European Imperialism In The Mid-To-Late 1800s

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By the mid-to-late 1800s, Europe had made huge advances in Industry, transportation, public health, and education. As a result, Europeans believed that they were superior to non-Europeans. By the mid-to-late 1800s, European nation-states had turned slave stations along the coasts of Africa, India, China, and Southeast Asia into powerful territories of their own. As a result of their political supremacy in Africa, Europe gained influential economic power as well. Starting in the late-19th century, Europe's most powerful realms were seizing control of most of Africa as well as large parts of South and East Asia. This process, referred to as New Imperialism, happened very swiftly and expressed the hostile and irrational side of human nature.…show more content…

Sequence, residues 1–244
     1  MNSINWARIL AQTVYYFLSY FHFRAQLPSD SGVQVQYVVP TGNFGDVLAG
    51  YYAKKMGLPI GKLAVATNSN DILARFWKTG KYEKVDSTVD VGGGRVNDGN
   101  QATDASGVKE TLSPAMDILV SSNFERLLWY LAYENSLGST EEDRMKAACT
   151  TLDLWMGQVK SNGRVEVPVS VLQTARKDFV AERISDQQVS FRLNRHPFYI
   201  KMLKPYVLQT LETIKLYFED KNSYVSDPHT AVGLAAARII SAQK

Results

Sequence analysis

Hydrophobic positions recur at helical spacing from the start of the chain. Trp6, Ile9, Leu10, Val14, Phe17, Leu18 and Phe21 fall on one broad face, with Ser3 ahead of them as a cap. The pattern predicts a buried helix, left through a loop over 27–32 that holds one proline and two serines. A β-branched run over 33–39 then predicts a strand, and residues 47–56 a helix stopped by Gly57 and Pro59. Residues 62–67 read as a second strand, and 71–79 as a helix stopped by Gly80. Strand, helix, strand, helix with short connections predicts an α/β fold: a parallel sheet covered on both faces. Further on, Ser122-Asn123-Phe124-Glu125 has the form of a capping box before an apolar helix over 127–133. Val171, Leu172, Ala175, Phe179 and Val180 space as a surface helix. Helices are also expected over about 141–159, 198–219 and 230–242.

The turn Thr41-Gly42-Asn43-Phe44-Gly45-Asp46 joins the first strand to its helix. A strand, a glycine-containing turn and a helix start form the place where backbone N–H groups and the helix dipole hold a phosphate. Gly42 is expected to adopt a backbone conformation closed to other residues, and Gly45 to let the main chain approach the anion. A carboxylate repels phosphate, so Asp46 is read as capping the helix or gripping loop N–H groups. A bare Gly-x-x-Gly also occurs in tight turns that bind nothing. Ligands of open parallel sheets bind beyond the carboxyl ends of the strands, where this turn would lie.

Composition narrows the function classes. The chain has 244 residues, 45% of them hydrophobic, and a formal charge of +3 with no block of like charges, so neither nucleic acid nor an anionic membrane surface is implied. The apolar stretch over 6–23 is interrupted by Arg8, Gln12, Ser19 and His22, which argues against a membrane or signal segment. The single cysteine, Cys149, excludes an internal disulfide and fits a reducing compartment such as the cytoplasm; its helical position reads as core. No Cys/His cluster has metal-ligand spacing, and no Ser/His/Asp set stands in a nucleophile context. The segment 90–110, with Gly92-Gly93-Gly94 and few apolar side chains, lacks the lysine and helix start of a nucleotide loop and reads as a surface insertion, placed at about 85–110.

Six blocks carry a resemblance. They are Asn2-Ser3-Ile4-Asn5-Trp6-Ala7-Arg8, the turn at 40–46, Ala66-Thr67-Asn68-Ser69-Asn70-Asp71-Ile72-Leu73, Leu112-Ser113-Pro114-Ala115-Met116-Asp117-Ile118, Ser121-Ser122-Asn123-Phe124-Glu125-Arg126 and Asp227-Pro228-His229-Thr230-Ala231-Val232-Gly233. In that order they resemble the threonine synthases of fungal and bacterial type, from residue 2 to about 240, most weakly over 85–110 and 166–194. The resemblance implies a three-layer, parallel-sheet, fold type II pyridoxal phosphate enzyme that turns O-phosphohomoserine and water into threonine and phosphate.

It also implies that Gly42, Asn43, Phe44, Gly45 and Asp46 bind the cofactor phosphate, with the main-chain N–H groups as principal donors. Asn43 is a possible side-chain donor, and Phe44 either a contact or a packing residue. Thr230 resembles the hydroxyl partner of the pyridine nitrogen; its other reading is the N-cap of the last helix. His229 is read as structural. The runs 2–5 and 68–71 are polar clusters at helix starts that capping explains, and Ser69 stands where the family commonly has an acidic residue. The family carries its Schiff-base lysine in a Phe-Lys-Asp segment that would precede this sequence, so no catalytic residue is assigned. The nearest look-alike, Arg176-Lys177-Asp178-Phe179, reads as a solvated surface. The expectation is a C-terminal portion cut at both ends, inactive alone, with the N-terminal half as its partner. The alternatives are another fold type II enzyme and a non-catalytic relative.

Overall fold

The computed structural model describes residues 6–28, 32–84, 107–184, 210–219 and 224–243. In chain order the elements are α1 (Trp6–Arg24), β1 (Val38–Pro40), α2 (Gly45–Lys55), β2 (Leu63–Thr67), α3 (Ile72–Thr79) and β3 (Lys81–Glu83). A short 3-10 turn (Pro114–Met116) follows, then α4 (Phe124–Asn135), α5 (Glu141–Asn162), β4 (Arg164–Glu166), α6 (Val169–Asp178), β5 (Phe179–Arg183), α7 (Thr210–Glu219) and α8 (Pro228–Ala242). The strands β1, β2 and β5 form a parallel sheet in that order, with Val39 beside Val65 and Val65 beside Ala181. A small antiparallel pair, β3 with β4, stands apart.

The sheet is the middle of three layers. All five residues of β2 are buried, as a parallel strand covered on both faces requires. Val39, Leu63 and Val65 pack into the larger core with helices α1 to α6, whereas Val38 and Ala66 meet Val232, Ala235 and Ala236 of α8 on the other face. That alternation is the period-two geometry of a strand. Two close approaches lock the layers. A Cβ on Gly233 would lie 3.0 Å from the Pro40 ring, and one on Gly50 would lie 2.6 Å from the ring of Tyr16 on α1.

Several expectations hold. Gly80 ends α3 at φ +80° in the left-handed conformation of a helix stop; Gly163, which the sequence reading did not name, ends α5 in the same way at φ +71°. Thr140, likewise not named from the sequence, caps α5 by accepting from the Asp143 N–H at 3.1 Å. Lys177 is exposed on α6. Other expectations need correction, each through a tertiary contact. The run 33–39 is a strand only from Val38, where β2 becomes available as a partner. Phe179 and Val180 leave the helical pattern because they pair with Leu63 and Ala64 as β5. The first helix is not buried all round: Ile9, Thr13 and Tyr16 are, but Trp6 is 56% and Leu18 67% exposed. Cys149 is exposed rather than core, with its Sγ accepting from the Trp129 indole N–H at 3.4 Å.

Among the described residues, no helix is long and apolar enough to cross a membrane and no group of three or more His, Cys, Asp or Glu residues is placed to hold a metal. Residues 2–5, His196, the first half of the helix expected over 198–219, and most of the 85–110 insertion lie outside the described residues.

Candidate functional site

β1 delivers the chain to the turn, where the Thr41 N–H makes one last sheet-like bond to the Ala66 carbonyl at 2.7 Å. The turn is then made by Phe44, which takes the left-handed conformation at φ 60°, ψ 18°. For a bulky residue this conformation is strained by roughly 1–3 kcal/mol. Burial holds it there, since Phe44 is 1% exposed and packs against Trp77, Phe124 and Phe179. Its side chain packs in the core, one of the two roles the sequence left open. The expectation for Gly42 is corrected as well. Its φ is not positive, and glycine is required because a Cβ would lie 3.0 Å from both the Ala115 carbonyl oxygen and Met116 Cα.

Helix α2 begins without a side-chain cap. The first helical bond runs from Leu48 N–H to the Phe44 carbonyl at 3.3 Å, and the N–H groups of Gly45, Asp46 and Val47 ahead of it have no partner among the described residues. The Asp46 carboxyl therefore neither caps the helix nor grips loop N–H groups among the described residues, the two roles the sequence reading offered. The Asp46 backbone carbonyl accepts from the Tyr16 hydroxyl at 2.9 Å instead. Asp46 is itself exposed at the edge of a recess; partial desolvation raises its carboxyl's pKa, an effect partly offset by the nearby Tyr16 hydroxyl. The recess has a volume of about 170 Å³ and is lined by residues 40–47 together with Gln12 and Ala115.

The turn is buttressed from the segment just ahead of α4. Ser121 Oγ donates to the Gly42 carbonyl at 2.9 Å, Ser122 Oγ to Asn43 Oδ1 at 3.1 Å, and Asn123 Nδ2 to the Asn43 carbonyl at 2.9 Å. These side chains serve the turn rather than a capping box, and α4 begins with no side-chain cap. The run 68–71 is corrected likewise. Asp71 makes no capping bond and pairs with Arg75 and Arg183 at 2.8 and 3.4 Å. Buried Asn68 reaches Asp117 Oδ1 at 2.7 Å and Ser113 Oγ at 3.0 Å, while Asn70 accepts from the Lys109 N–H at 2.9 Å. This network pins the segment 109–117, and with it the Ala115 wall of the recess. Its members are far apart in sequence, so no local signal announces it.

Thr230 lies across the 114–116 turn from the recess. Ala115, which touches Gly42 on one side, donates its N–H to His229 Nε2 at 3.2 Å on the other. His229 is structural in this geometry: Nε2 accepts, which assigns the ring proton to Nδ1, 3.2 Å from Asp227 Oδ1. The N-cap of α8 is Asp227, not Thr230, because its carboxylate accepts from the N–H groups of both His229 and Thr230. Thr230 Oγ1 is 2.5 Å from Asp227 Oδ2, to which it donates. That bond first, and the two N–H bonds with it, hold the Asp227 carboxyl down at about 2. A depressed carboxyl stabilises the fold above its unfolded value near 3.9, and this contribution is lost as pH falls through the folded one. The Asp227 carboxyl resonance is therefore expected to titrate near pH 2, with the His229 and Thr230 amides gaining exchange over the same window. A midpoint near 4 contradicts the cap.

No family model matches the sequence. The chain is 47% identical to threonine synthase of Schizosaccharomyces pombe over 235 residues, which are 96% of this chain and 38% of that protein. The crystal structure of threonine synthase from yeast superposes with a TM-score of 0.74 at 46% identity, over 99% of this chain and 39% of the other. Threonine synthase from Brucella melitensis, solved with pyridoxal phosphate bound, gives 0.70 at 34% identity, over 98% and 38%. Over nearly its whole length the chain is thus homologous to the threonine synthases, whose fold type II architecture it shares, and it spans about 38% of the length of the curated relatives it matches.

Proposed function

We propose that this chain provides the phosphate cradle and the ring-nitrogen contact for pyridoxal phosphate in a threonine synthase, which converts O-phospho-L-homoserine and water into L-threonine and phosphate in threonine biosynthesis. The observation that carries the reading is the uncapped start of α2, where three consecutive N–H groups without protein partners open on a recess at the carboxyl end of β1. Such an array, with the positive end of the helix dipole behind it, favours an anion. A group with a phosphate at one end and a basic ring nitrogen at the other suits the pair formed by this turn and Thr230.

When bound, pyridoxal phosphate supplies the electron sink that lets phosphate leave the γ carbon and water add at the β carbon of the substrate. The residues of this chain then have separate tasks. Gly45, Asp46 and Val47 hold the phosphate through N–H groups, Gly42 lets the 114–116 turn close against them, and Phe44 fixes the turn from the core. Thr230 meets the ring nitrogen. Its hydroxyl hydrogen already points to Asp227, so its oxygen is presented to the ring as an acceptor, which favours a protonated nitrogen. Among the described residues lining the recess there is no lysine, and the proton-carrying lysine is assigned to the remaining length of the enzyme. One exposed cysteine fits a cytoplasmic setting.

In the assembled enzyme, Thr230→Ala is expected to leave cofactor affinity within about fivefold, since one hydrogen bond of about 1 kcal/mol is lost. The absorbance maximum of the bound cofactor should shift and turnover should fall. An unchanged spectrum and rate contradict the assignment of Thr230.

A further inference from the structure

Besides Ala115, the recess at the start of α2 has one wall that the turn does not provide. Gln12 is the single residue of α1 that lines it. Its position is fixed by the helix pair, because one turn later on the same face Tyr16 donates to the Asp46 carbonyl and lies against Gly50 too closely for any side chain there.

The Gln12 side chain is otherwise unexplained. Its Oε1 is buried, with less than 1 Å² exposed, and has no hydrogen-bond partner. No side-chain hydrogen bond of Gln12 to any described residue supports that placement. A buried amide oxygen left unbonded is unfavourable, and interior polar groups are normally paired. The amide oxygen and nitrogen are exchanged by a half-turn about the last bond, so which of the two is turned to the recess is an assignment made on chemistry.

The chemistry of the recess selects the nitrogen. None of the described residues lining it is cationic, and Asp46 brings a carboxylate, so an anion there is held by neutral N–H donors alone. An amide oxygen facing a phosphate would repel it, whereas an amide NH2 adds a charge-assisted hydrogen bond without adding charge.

African territories fit that criteria and were seen by many Europeans as possible sources of imperative and cheap raw materials. Another purpose the colonies served to European nation-states was the potential to hold Europe’s surplus population. Russian Communist, Vladimir Lenin was a major advocate of imperialism, proposing that it was not only a convenience, but a necessity for survival. Important political leaders in Europe saw imperialism as a way to get the most out of popular support at home. The need to secure ports, coaling stations for their navies, as well as the ability to promote colonial armies to help fight was essential for European states looking to establish themselves as world powers. Some strong sponsors of imperialism saw territorial expansion as a moral initiative that could deliver the blessings of a greater civilization to those that were considered substandard. French politician, Jules Ferry said that superior races had a right to civilize those that were not. The domination by superior powers over colonized peoples led to a hierarchical system and racism, leading to the view that the good and the just were reduced to the values the victor chose to

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